A usual story arc would then have dug for more character answers concerning Tár, burrowing deeper into her and would perhaps try to extricate the person she was from what she'd become, ignoring how intertwined they are. But Todd has chosen not to give us a reflective, redemptive cause-consequence rationalization of Tár at film's end. She doesn't open her heart to say "why" or "sorry". Instead, he widens the scope so we aren't provided a conclusion to her story, the focus having been broadened so it is not about the few who manage to seize attention and approach semi-divine Great One status but the entire orchestra and an audience composed of the Monster Hunter's Fifth Flight (note the correspondance with Mahler's Fifth). Todd Field was "the pianist" in Kubrick's Eyes Wide Shut, playing masked for the powerful elite, and I will go ahead and compare this final concert hall and its costumed players to the costume ball at Somerton, different in that the majority of the costumed players here are not masked, we see their faces. One is intended to be given the impression of power being equitable. And we should recollect one of the few instances we saw Petra playing, how she had wanted to give a conducting baton-pencil to each stuffed animal in her play orchestra (including bears) so that all would act as conductors, but Tár had objected that it wasn't a democracy.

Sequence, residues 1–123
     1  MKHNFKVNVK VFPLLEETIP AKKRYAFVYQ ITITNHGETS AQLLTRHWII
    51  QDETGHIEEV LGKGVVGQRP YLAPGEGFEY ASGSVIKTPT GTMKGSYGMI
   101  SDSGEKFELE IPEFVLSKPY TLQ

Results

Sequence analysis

*Thanks to Brian McInnis for sending along some notes on misspellings etc. I had some embarrassing errors. He also pointed out that Tár didn't respond verbally concerning Francesca and the assistant conductor's position.

March 2023. Approx 7200 words (including film dialogue) or 14/15 single-spaced pages.